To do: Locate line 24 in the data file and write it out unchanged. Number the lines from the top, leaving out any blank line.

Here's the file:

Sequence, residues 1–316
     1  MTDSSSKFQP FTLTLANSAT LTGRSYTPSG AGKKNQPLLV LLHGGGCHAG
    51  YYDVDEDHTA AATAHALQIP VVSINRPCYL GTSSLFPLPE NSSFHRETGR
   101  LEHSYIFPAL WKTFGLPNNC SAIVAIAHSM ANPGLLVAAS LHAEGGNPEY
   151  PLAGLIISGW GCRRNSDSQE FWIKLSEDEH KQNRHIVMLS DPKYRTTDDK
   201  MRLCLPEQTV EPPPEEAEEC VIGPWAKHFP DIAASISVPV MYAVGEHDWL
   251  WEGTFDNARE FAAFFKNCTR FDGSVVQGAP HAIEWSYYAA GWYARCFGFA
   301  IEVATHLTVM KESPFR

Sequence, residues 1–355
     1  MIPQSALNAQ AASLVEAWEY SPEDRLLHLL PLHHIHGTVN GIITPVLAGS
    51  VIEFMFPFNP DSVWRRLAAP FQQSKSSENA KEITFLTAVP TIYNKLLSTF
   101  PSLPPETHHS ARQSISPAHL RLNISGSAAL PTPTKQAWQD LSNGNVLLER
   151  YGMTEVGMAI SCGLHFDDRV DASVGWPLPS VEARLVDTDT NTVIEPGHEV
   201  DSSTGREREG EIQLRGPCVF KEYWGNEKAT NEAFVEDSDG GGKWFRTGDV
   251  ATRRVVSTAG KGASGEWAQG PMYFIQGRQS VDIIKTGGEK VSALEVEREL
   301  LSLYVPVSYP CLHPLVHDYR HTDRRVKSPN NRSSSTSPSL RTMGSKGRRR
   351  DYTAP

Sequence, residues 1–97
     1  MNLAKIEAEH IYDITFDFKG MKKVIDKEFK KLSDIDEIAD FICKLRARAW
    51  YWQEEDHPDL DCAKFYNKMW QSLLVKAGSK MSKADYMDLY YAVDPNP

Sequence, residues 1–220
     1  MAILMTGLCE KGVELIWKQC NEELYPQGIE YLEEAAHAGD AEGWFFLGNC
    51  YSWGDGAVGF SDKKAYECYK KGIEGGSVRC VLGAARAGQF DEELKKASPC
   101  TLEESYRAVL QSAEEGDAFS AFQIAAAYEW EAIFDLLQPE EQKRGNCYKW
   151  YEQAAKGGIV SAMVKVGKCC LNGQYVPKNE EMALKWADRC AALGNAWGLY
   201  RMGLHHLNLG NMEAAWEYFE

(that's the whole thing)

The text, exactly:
   101  TLEESYRAVL QSAEEGDAFS AFQIAAAYEW EAIFDLLQPE EQKRGNCYKW